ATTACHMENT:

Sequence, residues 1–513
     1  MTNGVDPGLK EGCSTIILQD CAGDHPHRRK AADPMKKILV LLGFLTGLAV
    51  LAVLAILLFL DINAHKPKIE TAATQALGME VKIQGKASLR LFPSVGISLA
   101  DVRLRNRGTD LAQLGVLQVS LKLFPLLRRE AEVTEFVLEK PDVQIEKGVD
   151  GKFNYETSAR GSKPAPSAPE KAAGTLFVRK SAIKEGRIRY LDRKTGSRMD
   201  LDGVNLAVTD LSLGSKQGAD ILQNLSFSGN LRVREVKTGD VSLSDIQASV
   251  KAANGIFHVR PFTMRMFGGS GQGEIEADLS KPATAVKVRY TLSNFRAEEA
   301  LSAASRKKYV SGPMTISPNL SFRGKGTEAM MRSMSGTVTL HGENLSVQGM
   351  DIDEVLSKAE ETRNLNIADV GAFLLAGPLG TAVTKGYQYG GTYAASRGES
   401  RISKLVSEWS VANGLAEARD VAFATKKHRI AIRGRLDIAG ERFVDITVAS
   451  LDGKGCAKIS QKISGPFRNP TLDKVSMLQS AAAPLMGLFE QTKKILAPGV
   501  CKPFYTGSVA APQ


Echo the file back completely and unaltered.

Sequence, residues 1–513
     1  MTNGVDPGLK EGCSTIILQD CAGDHPHRRK AADPMKKILV LLGFLTGLAV
    51  LAVLAILLFL DINAHKPKIE TAATQALGME VKIQGKASLR LFPSVGISLA
   101  DVRLRNRGTD LAQLGVLQVS LKLFPLLRRE AEVTEFVLEK PDVQIEKGVD
   151  GKFNYETSAR GSKPAPSAPE KAAGTLFVRK SAIKEGRIRY LDRKTGSRMD
   201  LDGVNLAVTD LSLGSKQGAD ILQNLSFSGN LRVREVKTGD VSLSDIQASV
   251  KAANGIFHVR PFTMRMFGGS GQGEIEADLS KPATAVKVRY TLSNFRAEEA
   301  LSAASRKKYV SGPMTISPNL SFRGKGTEAM MRSMSGTVTL HGENLSVQGM
   351  DIDEVLSKAE ETRNLNIADV GAFLLAGPLG TAVTKGYQYG GTYAASRGES
   401  RISKLVSEWS VANGLAEARD VAFATKKHRI AIRGRLDIAG ERFVDITVAS
   451  LDGKGCAKIS QKISGPFRNP TLDKVSMLQS AAAPLMGLFE QTKKILAPGV
   501  CKPFYTGSVA APQ